This week on Georgia in Play: Rosalynn Carter, former first lady, was laid to rest in Plains this week. She was a well-beloved Georgian known for her deep commitment to humanitarian work. Plus, the state legislature is in a special session in order to redraw Georgia's voting maps after a federal judge ruled they discriminated against Black voters. Then, as the weather gets colder, single people are trying to find someone to get through "cuffing season" with. And City Café host John Lemley joins the panel to present holiday concerts to watch out for.
New Hampshire is proud to hold the first in the nation primary for presidential elections. But in an age of social media and cable news, can a state election still make a national difference?
In North Carolina, Local Labs wanted obscure voter records that would take weeks, or even months, to prepare. In Georgia, the company requested a copy of every envelope voters used to mail in their ballots.
In 2016, then-candidate Donald Trump claimed he could shoot someone and not lose any voters. Now, he faces criminal charges in three separate indictments, and voters continue to support "Teflon Don."
A new Mississippi law restricts who can help voters seeking assistance casting their ballots by mail. A federal judge ruled it limited access to the polls and was therefore not permitted.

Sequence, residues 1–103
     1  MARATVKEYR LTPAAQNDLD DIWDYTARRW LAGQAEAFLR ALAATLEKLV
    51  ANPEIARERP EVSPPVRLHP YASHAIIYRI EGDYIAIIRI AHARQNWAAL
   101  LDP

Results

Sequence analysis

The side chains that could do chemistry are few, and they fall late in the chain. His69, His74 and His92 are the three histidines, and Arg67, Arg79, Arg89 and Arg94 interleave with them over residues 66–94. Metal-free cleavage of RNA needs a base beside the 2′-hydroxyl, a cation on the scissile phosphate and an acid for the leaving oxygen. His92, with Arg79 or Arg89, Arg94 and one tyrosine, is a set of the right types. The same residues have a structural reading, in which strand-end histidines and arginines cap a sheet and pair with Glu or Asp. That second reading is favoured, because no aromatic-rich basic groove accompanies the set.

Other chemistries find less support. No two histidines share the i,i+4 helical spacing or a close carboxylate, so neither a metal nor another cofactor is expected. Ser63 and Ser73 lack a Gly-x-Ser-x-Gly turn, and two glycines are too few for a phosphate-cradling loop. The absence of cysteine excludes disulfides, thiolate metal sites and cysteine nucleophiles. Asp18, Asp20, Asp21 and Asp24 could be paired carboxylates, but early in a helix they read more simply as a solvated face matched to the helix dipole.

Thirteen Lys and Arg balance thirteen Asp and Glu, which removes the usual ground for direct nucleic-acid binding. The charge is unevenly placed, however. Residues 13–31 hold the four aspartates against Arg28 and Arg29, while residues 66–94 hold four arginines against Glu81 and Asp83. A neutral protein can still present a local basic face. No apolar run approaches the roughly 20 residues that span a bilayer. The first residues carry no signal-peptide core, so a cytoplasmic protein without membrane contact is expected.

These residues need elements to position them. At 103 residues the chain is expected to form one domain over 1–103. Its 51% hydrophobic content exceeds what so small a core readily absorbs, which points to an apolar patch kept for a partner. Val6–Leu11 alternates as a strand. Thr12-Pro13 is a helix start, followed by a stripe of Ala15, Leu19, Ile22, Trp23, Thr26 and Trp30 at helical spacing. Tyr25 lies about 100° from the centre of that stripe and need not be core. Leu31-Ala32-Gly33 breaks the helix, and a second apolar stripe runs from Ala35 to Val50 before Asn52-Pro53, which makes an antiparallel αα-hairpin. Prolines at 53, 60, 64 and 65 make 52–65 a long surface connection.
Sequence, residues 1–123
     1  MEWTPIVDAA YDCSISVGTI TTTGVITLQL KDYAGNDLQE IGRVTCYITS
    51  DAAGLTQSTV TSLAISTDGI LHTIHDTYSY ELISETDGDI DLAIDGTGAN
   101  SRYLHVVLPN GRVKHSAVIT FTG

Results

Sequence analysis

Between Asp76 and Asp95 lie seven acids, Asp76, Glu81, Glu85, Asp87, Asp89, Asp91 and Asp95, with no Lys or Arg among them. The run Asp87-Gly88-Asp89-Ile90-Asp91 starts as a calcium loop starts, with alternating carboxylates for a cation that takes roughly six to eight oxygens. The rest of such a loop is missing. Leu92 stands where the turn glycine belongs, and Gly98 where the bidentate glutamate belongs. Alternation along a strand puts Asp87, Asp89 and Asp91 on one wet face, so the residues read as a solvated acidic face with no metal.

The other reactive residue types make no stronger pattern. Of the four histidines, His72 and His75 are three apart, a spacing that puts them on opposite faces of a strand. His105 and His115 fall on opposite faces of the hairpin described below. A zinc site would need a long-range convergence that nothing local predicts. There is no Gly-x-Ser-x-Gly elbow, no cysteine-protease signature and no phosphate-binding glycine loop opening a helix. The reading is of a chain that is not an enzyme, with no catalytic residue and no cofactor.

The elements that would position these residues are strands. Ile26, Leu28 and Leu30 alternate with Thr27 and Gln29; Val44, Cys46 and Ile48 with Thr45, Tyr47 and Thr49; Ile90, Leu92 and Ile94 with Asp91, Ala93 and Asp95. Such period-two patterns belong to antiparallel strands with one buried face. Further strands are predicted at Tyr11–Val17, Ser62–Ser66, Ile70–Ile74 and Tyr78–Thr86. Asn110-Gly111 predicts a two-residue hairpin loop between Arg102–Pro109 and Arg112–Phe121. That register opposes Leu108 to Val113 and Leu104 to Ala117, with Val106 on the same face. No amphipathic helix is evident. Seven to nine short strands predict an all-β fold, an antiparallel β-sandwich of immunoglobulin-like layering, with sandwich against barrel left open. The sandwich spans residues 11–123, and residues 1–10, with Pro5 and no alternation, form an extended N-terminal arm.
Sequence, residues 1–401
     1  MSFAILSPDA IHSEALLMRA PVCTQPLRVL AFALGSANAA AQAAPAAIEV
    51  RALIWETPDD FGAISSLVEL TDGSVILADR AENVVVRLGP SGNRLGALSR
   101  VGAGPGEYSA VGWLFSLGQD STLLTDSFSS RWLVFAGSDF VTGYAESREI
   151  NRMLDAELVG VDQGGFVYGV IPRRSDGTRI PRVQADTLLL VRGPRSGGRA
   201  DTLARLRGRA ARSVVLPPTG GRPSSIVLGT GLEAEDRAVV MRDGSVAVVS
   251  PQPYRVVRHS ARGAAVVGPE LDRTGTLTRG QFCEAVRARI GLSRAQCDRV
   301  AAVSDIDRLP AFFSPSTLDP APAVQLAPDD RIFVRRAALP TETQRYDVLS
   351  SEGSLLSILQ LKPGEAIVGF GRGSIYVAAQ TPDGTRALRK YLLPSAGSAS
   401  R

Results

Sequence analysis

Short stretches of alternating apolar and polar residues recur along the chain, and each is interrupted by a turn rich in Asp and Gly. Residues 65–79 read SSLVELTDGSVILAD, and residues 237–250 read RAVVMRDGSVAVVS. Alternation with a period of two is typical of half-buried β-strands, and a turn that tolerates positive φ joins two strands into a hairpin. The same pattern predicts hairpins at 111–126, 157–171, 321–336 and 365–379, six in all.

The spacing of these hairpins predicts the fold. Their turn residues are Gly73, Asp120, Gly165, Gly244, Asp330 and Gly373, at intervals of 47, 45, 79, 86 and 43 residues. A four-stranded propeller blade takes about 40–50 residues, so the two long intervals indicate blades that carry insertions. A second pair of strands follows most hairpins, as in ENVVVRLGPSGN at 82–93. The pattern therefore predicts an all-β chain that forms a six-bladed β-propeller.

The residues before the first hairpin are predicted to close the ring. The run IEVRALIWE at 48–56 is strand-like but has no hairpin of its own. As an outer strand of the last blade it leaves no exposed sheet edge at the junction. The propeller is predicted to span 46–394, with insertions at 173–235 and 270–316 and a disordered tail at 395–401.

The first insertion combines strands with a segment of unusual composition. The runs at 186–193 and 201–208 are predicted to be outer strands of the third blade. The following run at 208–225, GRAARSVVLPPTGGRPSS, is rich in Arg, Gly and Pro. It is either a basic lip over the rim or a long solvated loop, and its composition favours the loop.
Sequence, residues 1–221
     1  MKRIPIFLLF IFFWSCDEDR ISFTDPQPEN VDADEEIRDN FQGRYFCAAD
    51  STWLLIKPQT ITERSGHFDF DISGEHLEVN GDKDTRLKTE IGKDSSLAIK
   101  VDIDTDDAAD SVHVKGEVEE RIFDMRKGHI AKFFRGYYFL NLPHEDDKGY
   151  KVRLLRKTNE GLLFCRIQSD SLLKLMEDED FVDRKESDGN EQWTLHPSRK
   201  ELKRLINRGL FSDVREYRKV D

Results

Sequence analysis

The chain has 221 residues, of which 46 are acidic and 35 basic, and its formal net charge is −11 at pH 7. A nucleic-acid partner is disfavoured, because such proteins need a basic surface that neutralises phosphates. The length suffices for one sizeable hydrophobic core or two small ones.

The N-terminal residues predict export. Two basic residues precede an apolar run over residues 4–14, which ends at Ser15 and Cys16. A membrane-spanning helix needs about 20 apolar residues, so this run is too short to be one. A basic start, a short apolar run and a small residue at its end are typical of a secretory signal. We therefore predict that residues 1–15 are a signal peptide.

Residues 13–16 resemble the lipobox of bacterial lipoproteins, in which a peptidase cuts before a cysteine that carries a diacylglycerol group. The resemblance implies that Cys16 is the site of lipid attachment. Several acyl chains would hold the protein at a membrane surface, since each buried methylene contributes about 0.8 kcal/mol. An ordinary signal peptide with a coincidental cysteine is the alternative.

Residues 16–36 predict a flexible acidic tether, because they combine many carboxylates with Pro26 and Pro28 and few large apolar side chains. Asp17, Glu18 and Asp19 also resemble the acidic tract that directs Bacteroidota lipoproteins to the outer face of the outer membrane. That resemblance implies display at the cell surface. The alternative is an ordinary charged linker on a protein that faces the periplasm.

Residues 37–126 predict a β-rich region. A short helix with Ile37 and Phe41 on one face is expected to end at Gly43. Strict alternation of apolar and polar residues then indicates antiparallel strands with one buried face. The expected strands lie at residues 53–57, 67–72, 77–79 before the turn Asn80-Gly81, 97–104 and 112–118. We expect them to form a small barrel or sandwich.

Democrats are aiming to make gains in North Carolina in 2024. And that path to victory in the state runs through its small towns and youngest voters. Here's where some of them stand.
Voters in Turkey returned to the polls Sunday to decide whether the country's longtime leader stretches his increasingly authoritarian rule into a third decade or is unseated by a challenger.
Voters in Turkey took to the polls on Sunday for landmark elections that are expected to be close and could be the biggest challenge Turkish President Erdogan faces in his two decades in power.
Warnock’s campaign and the subsequent four-week runoff were characterized by stops at college campuses across the state — an effort that seems to have paid off in support from the youngest voting bloc.
NPR's Scott Simon ponders a diminishing and vanishing election year tradition: candidate debates.
Abortion rights advocates in Michigan are hoping a wave of newly-motivated activists will turn out this year to override an abortion ban and put broad reproductive rights in the state constitution.
Wednesday on Political Rewind: Will Cassidy Hutchinson's testimony at the January 6th Hearings have any effect on voters this November? Plus, the AP reports that a million voters have switched to the Republican Party. Meanwhile, more DAs say they will not enforce laws that restrict abortions.
President Biden's first year in the White House has been marked by record GDP growth and job gains, so why do voters keep giving him poor marks on the economy?
Voters in Scotland gave a majority to parties supporting a push for independence from the U.K. Meanwhile, Boris Johnson's Conservatives won in local elections in England.
Grassroots Latino voter energy, changing demographics and the urban-rural divide explain why a Democratic presidential campaign is expected to win Arizona for only a second time since 1948.